Source: Canadian HIV/AIDS Legal Network
New report calls for new global treaty on health research and development
TORONTO, September 14, 2016 — A high-level body of eminent persons advising UN Secretary-General Ban Ki-moon released its report today declaring that the Trans-Pacific Partnership (TPP), and similar agreements ratcheting up intellectual property protection and enforcement, endanger countries’ efforts to ensure access to medicines and other health technologies and run counter to their human rights obligations.
“Today’s report from the UN Secretary-General’s High-Level Panel on Access to Medicines confirms yet again that Canada and other countries should not ratify the TPP as it stands, given the further erosion it represents of countries’ ability to regulate to ensure equitable access to medicines,” said Richard Elliott, Executive Director of the Canadian HIV/AIDS Legal Network. “Furthermore, the Panel notes that countries concluding such agreements are in dereliction of their human rights obligations by doing so before undertaking a transparent, public assessment of its impact on access to medicines and public health.”
The High-Level Panel on Access to Medicines was tasked by the UN Secretary-General with recommending remedies for the “incoherence” between human rights and public health on the one hand, and on the other hand, rules on intellectual property (allowing and extending drug companies’ patent and data monopolies). The Panel was co-chaired by the former presidents of Switzerland and Botswana and consists of numerous eminent persons. It was guided by an Expert Advisory Group.
Among other findings and recommendations, the High-Level Panel has called on countries to make full use of any “flexibilities” under international agreements such as the World Trade Organization’s Agreement on Trade-Related Aspects of Intellectual Property Rights (TRIPS) as part of fulfilling their human rights obligations to ensure access to medicines. This includes a specific recommendation to apply stricter standards for granting patents on pharmaceutical products in the first place, and to adopt laws that facilitate quick implementation of compulsory licenses on patented products to address public health needs – including compulsory licensing in order to export supplies of lowercost, generic medicines to other countries.
The Panel specifically notes that Canada’s Access to Medicines Regime, which was created under WTO rules for this purpose, has been used but a single time and proved to be “complex and cumbersome;” the Panel calls on WTO member countries to revise the 2 existing mechanism to make it swift and expedient. (The Legal Network has produced a Q&A document explaining CAMR and what legislative reforms are needed to make it more functional – reforms that attracted widespread public support and across party lines, but which, following government opposition, were narrowly defeated in the House of Commons in 2012.)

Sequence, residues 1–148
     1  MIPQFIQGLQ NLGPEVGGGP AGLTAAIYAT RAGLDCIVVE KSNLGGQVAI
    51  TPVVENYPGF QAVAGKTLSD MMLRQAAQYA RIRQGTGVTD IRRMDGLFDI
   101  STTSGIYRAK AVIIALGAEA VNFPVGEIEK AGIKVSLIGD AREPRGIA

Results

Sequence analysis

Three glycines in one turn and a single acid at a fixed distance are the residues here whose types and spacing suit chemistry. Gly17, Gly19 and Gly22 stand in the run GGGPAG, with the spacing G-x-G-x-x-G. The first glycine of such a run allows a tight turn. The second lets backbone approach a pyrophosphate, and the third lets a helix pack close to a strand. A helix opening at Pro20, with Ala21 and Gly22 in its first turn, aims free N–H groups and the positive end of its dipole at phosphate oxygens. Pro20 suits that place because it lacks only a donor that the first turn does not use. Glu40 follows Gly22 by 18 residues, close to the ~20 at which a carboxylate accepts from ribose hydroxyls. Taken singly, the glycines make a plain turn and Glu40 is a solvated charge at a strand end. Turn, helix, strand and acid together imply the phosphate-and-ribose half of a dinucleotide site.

Underscoring the importance of preserving what flexibilities exist under the WTO treaty to promote equitable access to affordable medicines, the High-Level Panel outlines its concern with pressure on countries to not use those flexibilities. It also takes issue with “the proliferation of free trade agreements containing expansive patent and test data protections on health technologies” that exceed the requirements of the WTO TRIPS Agreement – commonly referred to as “TRIPS-plus” provisions – and points to the TPP specifically as “emblematic” of such concerns.
The Panel’s report also examined the many ways in which the current intellectual property system leaves major gaps when it comes to stimulating innovation of health technologies where there is insufficient profit to be made by pharmaceutical companies. To address this market failure, the Panel recommends that the UN Secretary-General initiate a process for countries to negotiate a binding global convention on health R&D “that delinks the costs of research and development from end prices to promote access to good health for all.” In particular, the Panel recommends such a treaty should focus on public health needs, including neglected diseases and antimicrobial resistance.
This report comes just as Canada prepares to host the 5 th Global Fund Replenishment Conference in Montreal this week with the goal of mobilizing adequate funding to support the Global Fund to Fight AIDS, Tuberculosis and Malaria, the largest, most significant multilateral mechanism for scaling up prevention and treatment efforts for these three global pandemics.
In addition, the High-Level Panel’s report also comes as the backlash grows over trade agreements such as the TPP, which the international humanitarian organization Médecins Sans Frontières has described as the “worst trade pact ever for access to medicines and biomedical research and development.” Canadian civil society organizations have called on PM Trudeau and Minister Freeland to reject the TPP as long as it includes harmful provisions such as those that further extend pharmaceutical companies’ monopolies, and that further entrench dangerous and anti-democratic “investor-state” rules, which allow corporations to sue governments in special tribunals if they interfere with companies’ expected profits by regulating to protect the public interest.